March 9, 2007

By Rosanne Prinsen, MSc
Resource Coordinator
Alberta Centre for Active Living


Canadian Parks and Recreation Association: Response to federal budget

Exercise can help replenish brain cells, researchers find
The National Post (Tue 13 Mar 2007 Source: Reuters) reports that U.S. researchers have determined that exercise boosts brainpower by building new brain cells in a brain region linked with memory and memory loss. Tests on mice showed they grew new brain cells in a brain region called the dentate gyrus, a part of the hippocampus that is known to be affected in the age-related memory decline that begins around age 30 for most humans. The researchers used magnetic resonance imaging scans to help document the process in mice—and then used MRIs to look at the brains of people before and after exercise. They found the same patterns, which suggests that people also grow new brain cells when they exercise.


Creating a robust public health infrastructure for physical activity promotion
Yancey, A.K., Fielding, J.E., Flores, G.R., Sallis, J.F., McCarthy, W.J. & Breslow, L. (2007). American Journal of Preventive Medicine, 32(1), 68-78.

The essential role of physical activity both as an independent protective factor against numerous common chronic diseases and as a means to maintain a healthy weight is gaining increasing scientific recognition.

Although the science of physical activity promotion is advancing rapidly, the practice of promoting physical activity at a population level is in its infancy. The virtual absence of a public health practice infrastructure for the promotion of physical activity at the local level presents a critical challenge to control policy for chronic disease, particularly obesity. To translate the increasing evidence of the value of physical activity into practice will require systemic, multilevel and multisectoral intervention approaches that build individual capability and organizational capacity for behaviour change, create new social norms, and promote policy and environmental changes that support higher levels of energy expenditure across the population.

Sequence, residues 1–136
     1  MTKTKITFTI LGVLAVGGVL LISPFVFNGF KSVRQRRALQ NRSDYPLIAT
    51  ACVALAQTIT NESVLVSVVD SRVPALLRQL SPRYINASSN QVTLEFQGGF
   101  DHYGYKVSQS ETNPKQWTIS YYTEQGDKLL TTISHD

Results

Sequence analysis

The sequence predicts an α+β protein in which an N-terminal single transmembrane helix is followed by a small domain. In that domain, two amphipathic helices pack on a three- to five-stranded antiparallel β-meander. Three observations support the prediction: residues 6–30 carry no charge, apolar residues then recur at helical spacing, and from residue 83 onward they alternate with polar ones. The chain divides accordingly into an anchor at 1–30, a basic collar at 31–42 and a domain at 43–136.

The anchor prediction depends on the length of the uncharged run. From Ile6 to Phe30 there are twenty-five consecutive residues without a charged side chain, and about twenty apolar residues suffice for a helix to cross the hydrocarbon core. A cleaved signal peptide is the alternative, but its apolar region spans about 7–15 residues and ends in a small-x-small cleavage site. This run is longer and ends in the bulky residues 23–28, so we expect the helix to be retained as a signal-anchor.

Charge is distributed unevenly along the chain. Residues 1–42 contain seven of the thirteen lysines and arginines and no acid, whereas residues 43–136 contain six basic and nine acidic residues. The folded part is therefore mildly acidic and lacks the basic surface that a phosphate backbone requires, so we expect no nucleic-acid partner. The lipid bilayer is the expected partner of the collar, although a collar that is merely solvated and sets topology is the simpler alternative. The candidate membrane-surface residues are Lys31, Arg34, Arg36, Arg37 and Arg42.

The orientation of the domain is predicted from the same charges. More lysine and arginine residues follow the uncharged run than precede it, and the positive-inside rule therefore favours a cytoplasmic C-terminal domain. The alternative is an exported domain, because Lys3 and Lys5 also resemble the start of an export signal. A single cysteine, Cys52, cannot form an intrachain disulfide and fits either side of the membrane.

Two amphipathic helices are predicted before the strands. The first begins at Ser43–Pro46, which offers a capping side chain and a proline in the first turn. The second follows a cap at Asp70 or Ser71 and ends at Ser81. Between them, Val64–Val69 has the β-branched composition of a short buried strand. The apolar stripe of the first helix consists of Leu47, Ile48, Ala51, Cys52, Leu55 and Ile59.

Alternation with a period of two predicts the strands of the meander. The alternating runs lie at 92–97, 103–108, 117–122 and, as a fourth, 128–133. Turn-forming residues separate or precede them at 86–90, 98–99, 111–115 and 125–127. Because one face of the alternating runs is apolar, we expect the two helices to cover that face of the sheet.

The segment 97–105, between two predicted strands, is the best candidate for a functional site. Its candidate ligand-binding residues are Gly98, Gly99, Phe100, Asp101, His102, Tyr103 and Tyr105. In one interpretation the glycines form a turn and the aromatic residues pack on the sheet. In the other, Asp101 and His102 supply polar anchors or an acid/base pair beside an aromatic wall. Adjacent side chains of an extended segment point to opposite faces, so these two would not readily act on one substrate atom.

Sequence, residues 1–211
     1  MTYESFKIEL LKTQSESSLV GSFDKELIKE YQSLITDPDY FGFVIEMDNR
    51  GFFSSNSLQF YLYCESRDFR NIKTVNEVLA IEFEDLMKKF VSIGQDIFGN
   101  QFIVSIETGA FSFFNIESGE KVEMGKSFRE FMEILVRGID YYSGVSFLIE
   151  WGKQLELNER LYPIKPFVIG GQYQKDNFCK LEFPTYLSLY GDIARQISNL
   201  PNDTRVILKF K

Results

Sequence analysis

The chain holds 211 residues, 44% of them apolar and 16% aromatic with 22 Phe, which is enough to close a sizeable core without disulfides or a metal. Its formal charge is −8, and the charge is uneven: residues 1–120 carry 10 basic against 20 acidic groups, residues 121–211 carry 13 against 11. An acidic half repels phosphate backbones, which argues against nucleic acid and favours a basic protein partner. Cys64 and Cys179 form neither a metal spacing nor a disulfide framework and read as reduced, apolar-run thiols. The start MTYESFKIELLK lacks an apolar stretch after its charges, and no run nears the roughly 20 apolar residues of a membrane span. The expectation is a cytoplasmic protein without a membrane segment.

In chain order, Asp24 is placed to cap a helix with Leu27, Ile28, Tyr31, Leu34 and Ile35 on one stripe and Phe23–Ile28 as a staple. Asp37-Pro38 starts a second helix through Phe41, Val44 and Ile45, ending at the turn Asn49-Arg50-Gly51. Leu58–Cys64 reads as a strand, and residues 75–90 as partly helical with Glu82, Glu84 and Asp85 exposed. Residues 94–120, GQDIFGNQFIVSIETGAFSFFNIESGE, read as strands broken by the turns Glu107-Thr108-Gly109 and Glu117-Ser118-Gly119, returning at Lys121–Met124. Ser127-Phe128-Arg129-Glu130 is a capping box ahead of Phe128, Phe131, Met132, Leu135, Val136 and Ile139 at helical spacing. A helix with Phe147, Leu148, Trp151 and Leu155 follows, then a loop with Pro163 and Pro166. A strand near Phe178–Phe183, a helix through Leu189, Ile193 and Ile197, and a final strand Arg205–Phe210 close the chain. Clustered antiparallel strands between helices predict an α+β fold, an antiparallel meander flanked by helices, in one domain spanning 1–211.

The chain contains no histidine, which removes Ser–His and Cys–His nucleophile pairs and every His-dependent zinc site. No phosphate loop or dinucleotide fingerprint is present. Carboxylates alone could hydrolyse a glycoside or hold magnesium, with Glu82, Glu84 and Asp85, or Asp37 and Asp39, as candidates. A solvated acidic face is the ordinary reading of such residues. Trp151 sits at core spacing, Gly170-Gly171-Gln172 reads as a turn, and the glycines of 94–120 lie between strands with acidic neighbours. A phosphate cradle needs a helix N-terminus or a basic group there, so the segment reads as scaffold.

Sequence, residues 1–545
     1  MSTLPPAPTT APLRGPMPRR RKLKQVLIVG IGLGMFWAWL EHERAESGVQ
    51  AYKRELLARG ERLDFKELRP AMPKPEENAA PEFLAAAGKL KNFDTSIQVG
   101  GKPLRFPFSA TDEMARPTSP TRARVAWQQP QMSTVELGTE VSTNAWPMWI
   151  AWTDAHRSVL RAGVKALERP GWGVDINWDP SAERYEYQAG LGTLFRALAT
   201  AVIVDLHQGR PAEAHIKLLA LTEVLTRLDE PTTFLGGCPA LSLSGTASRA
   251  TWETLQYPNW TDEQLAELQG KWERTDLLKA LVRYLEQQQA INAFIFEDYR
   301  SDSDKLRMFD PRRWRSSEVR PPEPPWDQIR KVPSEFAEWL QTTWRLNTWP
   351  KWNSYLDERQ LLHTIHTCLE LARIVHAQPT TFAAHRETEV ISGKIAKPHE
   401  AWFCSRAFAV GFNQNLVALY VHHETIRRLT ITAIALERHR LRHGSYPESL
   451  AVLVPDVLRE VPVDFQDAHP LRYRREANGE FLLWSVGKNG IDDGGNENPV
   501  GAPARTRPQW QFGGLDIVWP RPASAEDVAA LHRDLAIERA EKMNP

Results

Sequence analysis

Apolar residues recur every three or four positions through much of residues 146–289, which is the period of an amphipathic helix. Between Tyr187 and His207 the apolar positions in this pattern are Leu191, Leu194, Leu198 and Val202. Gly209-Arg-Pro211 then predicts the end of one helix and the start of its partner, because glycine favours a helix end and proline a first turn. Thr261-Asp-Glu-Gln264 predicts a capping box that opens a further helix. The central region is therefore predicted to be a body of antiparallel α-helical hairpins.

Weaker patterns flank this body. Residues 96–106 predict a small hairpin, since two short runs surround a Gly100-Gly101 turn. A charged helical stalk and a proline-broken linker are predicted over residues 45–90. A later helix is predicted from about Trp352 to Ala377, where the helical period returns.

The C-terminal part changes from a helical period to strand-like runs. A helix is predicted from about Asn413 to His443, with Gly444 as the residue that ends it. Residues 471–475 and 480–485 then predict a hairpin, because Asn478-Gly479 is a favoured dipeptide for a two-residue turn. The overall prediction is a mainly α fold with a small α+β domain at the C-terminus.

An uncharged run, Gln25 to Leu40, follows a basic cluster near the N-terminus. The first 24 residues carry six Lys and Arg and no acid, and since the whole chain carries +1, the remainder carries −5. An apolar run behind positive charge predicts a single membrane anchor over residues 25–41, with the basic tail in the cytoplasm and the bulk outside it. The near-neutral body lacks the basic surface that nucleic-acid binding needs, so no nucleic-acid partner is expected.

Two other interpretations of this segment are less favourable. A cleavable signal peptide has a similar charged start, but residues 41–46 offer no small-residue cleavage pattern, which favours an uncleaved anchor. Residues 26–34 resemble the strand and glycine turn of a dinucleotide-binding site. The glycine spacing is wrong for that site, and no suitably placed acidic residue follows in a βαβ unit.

This paper highlights societal changes contributing to inactivity; describes the evolution and current status of population-based public health physical activity promotion efforts in research and practice settings; suggests strategies for engaging decision makers, stakeholders, and the general public in building the necessary infrastructure to effectively promote physical activity; and identifies specific recommendations to spur the creation of a robust public health infrastructure for physical activity.


Establishing a women’s swimming program

Information Sheet designed to provide community agencies and workers in the human services sector with a simple step-by-step guide to establishing a women’s swimming program. In establishing this program, two key factors need to be addressed: program sustainability and cultural appropriateness. Good planning and consultation in the initial stages of the program will ensure these areas are addressed appropriately.

Four hypotheses about the public policy significance of youth recreation: Lessons from a literature review and a data analysis on “Learning through recreation”
This summary report combines the key findings of these two studies as they related to four hypotheses about the public policy significance of youth recreation advanced by the Laidlaw Foundation. The data analysis and literature review are available as separate background documents that support and expand upon this summary report.

House of Commons Standing Committee on Health's new report on childhood obesity

OTTAWA, March 27 /CNW Telbec: The Heart and Stroke Foundation of Canada (HSFC) applauds the recommendations in the House of Commons Standing Committee on Health's new report on childhood obesity, Healthy Weights for Healthy Kids, and urges the federal government to act on the report now.

MPs call for “aggressive” action on child obesity:

Today's youth expected to die younger than parents (Commons committee).

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